37. 37.
    Holmes RM, Jones JBJ, Fisher SG, Grimm NB (1996) Denitrification in a nitrogen-limited stream ecosystem. Biogeochemistry 33:125–146CrossRefGoogle Scholar
  38. 38.
    Hopkins DW, Sparrow AD, Novis PM, Grogorich EG, Elberling B, Greenfield LG (2006) Controls on the distribution of productivity and organic resources in Antarctic Dry Valley soils. Proc R Soc B 273:2687–2695PubMedCrossRefGoogle Scholar
  39. 39.
    Huber T, Faulkner G, Hugenholtz P (2004) Bellerophon: a program to detect chimeric sequences in multiple sequence alignments. Bioinformatics 20:2317–2319PubMedCrossRefGoogle Scholar
  40. 40.
    Hugenholtz P (2002) Exploring prokaryotic diversity in the genomic era. Genome Biol 3:1–8CrossRefGoogle Scholar
  41. 41.
    Hullar MAJ, Kaplan LA, Stahl DA (2006) Recurring seasonal dynamics of microbial communities in stream habitats. Appl Environ Microbiol 72:713–722PubMedCrossRefGoogle Scholar
  42. 42.
    Janssen PH (2006) Identifying the dominant soil bacterial taxa in libraries of 16S rRNA and 16S rRNA genes. Appl Environ Microbiol 72:1719–1728PubMedCrossRefGoogle Scholar
  43. 43.
    Jones JB, Fisher SG, Grimm NB (1995) Nitrification in the hyporheic zone of a desert stream ecosystem. J North Am Benthol Soc 14:249–258CrossRefGoogle Scholar
  44. 44.
    Kennedy AD (1993) Water as a limiting factor in the Antarctic terrestrial environment—a biogeographical synthesis. Arct Alpine Res 25:308–315CrossRefGoogle Scholar
  45. 45.
    Knapp CW, Dodds WK, Wilson KC, O'Brien JM, Graham DW (2009) Spatial heterogeneity of denitrification genes in a highly homogeneous urban stream. Environ Sci Technol 43:4273–4279PubMedCrossRefGoogle Scholar
  46. 46.
    Lane DJ (1991) 16S/12S rRNA sequencing. In: Stackebrant E, Goodfellow M (eds) Nucleic acid techniques in bacterial systematics. Wiley, London, pp 115–175Google Scholar
  47. 47.
    Lozupone C, Hamady M, Knight R (2006) UniFrac—an online tool for comparing microbial community diversity in a phylogenetic context. BMC Bioinform 7:371–385CrossRefGoogle Scholar
  48. 48.
    Ludwig W, Strunk O, Westram R, Richter L, Meier H, Yadhukumar BA, Lai T, Steppi S, Jobb G, Forster W, Brettske I, Gerber S, Ginhart AW, Gross O, Grumann S, Hermann S, Jost R, Konig A, Liss T, Lussmann R, May M, Nonhoff B, Reichel B, Strehlow R, Stamatakis A, Stuckmann N, Vilbig A, Lenke M, Ludwig T, Bode A, Schleifer KH (2004) ARB: a software environment for sequence data. Nucleic Acids Res 32:1363–1371PubMedCrossRefGoogle Scholar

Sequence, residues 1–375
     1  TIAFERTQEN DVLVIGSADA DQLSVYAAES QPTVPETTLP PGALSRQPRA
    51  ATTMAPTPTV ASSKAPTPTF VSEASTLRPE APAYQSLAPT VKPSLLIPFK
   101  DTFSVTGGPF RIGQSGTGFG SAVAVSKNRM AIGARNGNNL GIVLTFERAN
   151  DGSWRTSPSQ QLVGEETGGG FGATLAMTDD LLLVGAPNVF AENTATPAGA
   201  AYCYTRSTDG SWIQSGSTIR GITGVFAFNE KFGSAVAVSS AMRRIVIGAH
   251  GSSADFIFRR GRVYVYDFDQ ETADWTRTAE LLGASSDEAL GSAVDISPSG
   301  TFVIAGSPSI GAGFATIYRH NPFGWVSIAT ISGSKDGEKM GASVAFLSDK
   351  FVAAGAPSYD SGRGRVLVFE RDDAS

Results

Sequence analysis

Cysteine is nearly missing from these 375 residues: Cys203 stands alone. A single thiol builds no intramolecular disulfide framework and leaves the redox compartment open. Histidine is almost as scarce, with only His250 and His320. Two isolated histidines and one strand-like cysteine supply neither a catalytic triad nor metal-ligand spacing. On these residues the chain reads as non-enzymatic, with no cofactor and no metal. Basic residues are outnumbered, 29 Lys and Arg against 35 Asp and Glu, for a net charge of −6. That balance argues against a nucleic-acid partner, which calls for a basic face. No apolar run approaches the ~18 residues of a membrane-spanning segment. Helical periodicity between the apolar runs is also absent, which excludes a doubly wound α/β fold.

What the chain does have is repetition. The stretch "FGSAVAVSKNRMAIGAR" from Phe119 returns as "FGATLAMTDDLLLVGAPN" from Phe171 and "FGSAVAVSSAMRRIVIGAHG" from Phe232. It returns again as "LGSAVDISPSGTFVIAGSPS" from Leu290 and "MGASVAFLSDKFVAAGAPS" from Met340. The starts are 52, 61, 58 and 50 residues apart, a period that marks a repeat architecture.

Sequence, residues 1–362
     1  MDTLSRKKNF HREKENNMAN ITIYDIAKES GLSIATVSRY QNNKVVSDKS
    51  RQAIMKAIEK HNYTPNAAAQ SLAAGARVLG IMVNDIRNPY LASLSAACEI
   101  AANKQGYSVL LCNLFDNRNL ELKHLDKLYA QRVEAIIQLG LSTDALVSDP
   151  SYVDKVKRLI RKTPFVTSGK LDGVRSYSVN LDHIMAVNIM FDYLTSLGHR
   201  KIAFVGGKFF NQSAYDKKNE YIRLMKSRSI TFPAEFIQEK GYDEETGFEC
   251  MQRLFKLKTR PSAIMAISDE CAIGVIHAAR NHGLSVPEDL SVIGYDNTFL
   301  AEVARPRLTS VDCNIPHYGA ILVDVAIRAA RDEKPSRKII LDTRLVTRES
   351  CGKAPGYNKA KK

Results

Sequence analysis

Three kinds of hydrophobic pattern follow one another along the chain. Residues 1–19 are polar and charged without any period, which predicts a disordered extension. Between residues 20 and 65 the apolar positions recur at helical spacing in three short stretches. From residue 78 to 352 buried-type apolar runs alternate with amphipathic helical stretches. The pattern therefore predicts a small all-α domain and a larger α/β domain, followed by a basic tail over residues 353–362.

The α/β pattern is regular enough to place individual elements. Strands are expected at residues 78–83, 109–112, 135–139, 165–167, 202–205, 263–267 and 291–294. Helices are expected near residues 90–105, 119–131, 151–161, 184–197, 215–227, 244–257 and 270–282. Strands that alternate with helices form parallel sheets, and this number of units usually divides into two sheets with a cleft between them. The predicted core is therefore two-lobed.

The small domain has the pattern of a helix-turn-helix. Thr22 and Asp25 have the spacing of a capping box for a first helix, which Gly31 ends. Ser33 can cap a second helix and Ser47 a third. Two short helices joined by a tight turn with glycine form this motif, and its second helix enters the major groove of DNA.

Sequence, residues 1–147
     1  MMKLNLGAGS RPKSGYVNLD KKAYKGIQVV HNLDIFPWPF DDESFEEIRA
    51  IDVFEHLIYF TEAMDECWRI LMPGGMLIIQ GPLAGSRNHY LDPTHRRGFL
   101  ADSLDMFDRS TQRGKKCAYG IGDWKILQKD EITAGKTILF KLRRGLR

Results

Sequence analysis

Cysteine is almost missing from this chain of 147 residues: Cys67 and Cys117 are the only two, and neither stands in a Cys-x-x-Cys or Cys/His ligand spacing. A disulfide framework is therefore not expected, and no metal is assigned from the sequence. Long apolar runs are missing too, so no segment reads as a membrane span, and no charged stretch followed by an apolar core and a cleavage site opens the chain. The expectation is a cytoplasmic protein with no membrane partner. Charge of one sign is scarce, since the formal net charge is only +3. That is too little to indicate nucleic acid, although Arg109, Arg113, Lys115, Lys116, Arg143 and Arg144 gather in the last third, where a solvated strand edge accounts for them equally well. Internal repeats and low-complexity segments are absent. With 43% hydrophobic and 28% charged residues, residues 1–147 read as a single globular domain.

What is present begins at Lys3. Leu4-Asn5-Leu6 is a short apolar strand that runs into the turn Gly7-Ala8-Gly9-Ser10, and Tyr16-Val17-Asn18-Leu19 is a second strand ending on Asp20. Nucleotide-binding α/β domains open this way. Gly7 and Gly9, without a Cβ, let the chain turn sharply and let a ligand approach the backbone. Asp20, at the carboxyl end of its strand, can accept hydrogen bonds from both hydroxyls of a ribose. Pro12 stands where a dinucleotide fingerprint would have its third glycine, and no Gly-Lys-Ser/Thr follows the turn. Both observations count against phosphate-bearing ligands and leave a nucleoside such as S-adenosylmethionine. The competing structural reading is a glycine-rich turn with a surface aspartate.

49. 49.
    Mattimore V, Battista JR (1996) Radioresistance of Deinococcus radiodurans: functions necessary to survive ionizing radiation are also necessary to survive prolonged desiccation. J Bacteriol 178:633–637PubMedGoogle Scholar
  50. 50.
    McKnight DM, Niyogi DK, Alger AS, Bomblies A, Conovitz PA, Tate CM (1999) Dry valley streams in Antarctica: ecosystems waiting for water. Bioscience 49:985–995CrossRefGoogle Scholar
  51. 51.
    Mitchell KR, Takacs-Vesbach CD (2008) A comparison of methods for total community DNA preservation and extraction from various thermal environments. J Ind Microbiol Biotechnol 35:1139–1147PubMedCrossRefGoogle Scholar
  52. 52.
    Molles MC Jr, Dahm CN, Crocker MT (1992) Climatic variability and streams and rivers in semi-arid regions. In: Roberts RD, Bothwell ML (eds) Aquatic ecosystems in semi-arid regions: implications for resource management. The Institute, Saskatoon, pp 197–201Google Scholar
  53. 53.
    Moorhead DL, Barrett JE, Virginia RA, Wall DH, Proazinska D (2003) Organic matter and soil biota of upland wetlands in Taylor Valley, Antarctica. Polar Biol 26:567–576CrossRefGoogle Scholar
  54. 54.
    Newell DL, Crossey LJ, Karlstrom KE, Fischer TP, Hilton DR (2005) Continental-scale links between the mantle and groundwater systems of the western United States: evidence from travertine springs and regional He isotope data. GSA Today 15:4–10CrossRefGoogle Scholar
  55. 55.
    Niederberger TD, McDonald IR, Hacker AL, Soo RM, Barrett JE, Wall DH, Cary SC (2008) Microbial community composition in soils of Northern Victoria Land, Antarctica. Environ Microbiol 10:1713–1724PubMedCrossRefGoogle Scholar
  56. 56.
    Noguez AM, Arita HT, Escalante AE, Forney LJ, Garcia-Oliva F, Souza V (2005) Microbial macroecology: highly structured prokaryotic soil assemblages in a tropical deciduous forest. Glob Ecol Biogeogr 14:241–248CrossRefGoogle Scholar
  57. 57.
    Northcott ML, Gooseff MN, Barrett JE, Zeglin LH, Takacs-Vesbach CD, Humphrey J (2009) Hydrologic characteristic of lake- and stream-side riparian wetted margins in the McMurdo Dry Valleys, Antarctica. Hydrol Process 23:1255–1267CrossRefGoogle Scholar
  58. 58.
    Noy-Meir I (1973) Desert ecosystems: environment and producers. Annu Rev Ecol Syst 4:25–51CrossRefGoogle Scholar
  59. 59.
    Papke RT, Ward DM (2004) The importance of physical isolation to microbial diversification. FEMS Microbiol Ecol 48:293–303PubMedCrossRefGoogle Scholar
  60. 60.
    Patterson BD (1999) Contingency and determinism in mammalian biogeography: the role of history. J Mammal 80:345–360CrossRefGoogle Scholar
  61. 61.
    Pointing SB, Chan Y, Lacap DC, Lau MCY, Jurgens JA, Farrell RL (2010) Highly specialized microbial diversity in hyper-arid polar desert. Proc Natl Acad Sci U S A 107:1254–1254Google Scholar
  62. 62.
    Pointing SB, Warren-Rhodes KA, Lacap DC, Rhodes KL, McKay CP (2007) Hypolithic community shifts occur as a result of liquid water availability along environmental gradients in China's hot and cold hyperarid deserts. Environ Microbiol 9:414–424PubMedCrossRefGoogle Scholar